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6 July 2018updated 04 Aug 2021 10:33am

The real winner of the World Cup? Vladimir Putin

The Russian president is less visible at the World Cup than at the Sochi Winter Olympics, but he is winning far more friends. 

By Jung Woo Lee

The World Cup may be about football, but for Russia there is a side-line offensive that’s equally, if not more, important than sporting excellence. From the outset, Vladimir Putin has not hid his desire to use this premier event to expand his country’s diplomatic relations. Now, the tournament is entering its second half, and Kremlin’s World Cup tactic is delivering the goals.

A few months before the commencement of the sporting spectacle, the world witnessed the spectre of a reawakening Cold War. The UK and its Western allies expelled scores of Russian diplomats over the Kremlin’s alleged Novichok attack on a former Russian double agent and his daughter in Salisbury – a controversy stirred up again this week by the news that a couple in nearby Amesbury have also been hospitalised with a suspected poisoning by the same nerve agent.

Back in March, Moscow retaliated to the expulsions by in turn expelling British representatives and closing the British Council in its territory. British Foreign Secretary Boris Johnson further raised the stakes by comparing the World Cup in 2018 to the Nazi Olympics in 1936 and calling for potential boycotts.

The British royal families and ministers did not attend the opening ceremony, and Iceland joined the boycott. Yet, it appears that the rest of the world does not share this anti-Russian sentiment.

At the World Cup, Russia has been able to reaffirm its relationship with powerful players in the Middle East. A day before the tournament’s opening, the Crown Prince of Saudi Arabia, Mohammed bin Salman, travelled to Moscow to discussion oil production with President Putin – a meeting that resulted in the two sides agreeing to boost energy cooperation.

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They also watched the World Cup opening match together, in which Russia beat Saudi Arabia 5-0. This might have been a humiliating moment for Saudi Arabia, yet when a midfielder Yury Gazinsky scored the first goal, Putin and Mohammed bin Salman shook hands in the VIP box. When the match ended, they joked about the result. For the two leaders, winning a friend was more significant than winning a ball game.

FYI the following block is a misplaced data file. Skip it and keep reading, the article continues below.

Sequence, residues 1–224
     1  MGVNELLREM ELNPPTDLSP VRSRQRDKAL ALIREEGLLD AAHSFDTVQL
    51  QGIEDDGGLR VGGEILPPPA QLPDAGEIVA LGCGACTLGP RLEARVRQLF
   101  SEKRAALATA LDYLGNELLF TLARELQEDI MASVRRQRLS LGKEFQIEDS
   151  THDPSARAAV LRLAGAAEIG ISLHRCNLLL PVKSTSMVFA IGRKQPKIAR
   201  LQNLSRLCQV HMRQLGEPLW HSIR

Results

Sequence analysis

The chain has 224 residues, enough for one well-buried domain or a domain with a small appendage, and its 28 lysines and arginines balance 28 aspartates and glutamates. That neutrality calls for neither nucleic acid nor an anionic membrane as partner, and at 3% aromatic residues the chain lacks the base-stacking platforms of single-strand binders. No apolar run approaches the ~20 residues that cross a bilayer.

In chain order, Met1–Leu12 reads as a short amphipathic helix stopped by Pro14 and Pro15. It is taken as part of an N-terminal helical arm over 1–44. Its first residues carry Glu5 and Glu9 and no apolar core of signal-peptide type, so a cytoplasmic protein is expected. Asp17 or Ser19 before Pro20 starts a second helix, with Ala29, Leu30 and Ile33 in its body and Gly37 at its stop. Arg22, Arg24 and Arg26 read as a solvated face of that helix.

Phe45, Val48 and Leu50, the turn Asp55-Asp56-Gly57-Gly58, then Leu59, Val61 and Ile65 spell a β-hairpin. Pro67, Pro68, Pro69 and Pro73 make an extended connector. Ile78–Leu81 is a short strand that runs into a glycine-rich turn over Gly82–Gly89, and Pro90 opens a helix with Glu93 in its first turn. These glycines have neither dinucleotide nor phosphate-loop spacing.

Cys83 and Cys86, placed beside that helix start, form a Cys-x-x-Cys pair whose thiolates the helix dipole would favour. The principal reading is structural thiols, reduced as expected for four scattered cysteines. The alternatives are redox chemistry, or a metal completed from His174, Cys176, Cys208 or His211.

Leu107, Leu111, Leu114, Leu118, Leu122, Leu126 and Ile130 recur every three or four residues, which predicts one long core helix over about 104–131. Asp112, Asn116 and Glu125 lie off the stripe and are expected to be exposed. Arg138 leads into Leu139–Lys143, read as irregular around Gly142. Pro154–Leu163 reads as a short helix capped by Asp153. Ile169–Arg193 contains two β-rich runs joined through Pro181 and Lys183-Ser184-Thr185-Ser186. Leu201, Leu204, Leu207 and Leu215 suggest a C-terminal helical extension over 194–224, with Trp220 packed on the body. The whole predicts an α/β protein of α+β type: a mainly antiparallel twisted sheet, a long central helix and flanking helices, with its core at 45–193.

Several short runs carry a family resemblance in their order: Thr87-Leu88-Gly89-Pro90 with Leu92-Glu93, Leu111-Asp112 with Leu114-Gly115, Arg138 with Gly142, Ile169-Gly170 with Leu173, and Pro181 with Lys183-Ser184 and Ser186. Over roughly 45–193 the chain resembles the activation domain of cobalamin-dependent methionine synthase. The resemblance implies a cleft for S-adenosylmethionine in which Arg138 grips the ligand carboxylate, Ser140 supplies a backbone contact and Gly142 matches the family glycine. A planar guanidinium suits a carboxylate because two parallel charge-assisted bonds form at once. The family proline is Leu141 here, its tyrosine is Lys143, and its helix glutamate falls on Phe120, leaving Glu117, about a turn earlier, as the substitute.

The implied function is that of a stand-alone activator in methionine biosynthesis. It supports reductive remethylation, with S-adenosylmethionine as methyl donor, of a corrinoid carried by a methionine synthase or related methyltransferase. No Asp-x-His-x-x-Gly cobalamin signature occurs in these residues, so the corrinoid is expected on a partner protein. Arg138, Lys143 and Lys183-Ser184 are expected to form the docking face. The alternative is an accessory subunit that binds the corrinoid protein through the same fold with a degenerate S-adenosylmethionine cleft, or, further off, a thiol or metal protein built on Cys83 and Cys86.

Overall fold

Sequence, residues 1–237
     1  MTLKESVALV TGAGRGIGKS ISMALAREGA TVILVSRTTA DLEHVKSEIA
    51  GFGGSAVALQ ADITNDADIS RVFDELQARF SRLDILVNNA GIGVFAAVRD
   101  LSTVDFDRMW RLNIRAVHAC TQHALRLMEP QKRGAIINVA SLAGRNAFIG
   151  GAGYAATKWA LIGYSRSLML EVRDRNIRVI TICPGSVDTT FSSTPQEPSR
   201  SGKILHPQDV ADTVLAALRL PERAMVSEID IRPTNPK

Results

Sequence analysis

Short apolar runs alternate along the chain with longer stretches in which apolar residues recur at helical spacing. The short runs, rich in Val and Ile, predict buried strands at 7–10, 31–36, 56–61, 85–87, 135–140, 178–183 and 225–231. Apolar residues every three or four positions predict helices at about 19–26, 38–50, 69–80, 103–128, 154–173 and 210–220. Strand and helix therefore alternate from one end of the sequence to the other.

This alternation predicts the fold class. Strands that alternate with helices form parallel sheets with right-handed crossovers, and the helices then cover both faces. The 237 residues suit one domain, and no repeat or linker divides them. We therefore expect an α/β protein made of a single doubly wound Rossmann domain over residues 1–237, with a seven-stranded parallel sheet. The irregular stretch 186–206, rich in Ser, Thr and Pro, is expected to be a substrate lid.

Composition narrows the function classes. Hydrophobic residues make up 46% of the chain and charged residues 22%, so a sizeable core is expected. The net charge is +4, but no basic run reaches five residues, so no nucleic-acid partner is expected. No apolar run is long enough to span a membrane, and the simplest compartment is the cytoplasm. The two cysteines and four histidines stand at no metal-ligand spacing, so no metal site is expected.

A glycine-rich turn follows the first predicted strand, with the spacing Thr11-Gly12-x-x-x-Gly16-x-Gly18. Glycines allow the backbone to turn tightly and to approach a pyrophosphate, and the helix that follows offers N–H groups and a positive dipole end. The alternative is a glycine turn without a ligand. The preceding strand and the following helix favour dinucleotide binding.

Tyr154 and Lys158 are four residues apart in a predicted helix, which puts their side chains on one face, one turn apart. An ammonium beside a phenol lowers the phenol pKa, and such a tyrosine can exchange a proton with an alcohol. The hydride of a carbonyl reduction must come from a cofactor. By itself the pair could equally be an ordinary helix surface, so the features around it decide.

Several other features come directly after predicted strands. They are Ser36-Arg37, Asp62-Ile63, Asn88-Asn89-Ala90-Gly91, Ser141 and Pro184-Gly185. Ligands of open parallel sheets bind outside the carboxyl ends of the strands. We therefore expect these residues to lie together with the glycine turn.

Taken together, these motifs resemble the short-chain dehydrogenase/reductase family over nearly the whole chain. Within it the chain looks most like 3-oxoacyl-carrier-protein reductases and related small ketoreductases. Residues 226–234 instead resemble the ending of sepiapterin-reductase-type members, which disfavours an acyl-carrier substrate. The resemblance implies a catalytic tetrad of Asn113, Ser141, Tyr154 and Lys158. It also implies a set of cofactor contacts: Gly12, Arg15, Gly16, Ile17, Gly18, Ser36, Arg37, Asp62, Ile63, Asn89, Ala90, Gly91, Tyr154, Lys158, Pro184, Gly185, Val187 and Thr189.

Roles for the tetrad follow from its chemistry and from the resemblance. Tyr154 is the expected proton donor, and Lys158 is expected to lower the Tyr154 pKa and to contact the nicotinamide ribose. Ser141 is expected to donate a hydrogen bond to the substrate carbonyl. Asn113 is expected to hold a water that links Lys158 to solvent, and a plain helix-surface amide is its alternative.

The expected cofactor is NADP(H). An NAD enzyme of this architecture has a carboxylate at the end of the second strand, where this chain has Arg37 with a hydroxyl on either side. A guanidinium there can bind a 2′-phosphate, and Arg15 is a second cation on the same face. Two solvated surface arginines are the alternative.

The World Cup has also provided Putin with an opportunity to strengthen his ties with East Asian nations. Japanese Princess Takamado headed to the host country to support the Samurai Blue; the first member of the Japanese royal family to visit Russia since 1916. Although she did not formally meet with Russian officials during her eight-day visit, her appearance at the stadium was symbolic given the prolonged territorial dispute between the two states since the Second World War.

A more important diplomatic breakthrough occurred at the South Korean and Russian summit, which took place in Moscow in the midst of the World Cup. The key agenda of this highest-level talk included the denuclearisation of the Korean peninsula and the economic co-operation between South Korea and Russia, with Presidents Moon and Putin declaring their strategic partnership at a press conference.

The Kremlin had been excluded from the recent political development in the Korean peninsula, especially since the US and North Korean Summit in Singapore, yet the meeting with Moon Jae-in established Putin as an important player in the Northeast Asian geopolitics.

The West did not stay away from Russia’s World Cup campaign either. There was a rumour that Donald Trump would make a surprise visit to Moscow, although, in the end, Washington instead sent his national security adviser, John Bolton. The news that North America had won the right to stage the 2028 World Cup oiled the conversation between the current and future hosts, with Bolton even asking Putin about the secret to delivering the event successfully, and the Russian president saying he was willing to help.

As the football tournament unfolded, some European countries also abandoned initial protests against Russia. Sweden terminated the political boycott against the Kremlin as its team excelled, with politicians from Stockholm finally attending the football stadium in St. Petersburg to cheer for their compatriots. The French President Emmanuel Macron may also visit Russia if Les Bleus reaches the grand finale. It appears that the Western diplomatic alliance crumbles when this coalition clashes with national pride of the member states.

While we need to wait a few more days to see who will win the golden trophy in this year, in the field of sport diplomacy, however, it seems safe to predict that the Russian president is likely to be a champion of the game. Compared to the 2014 Winter Olympics in Sochi, Putin’s image and his influence are less visible in this World Cup. Yet he appears to be accumulating a larger number of diplomatic assets by simply standing by the football pitch.

From the Far East through the Middle East and to the West, Putin is diversifying and strengthening relations with other nations, as international VIPs pay a visit to the host. With the Russian side still in the tournament, the Kremlin may be able to obtain yet more political capital.

Dr Jung Woo Lee is lecturer in Sport and Leisure Policy at the University of Edinburgh. His research interests lie in sport diplomacy and inter-Korean relations and sport. He recently published (with two co-editors) an edited volume of Routledge Handbook of Sport and Politics.

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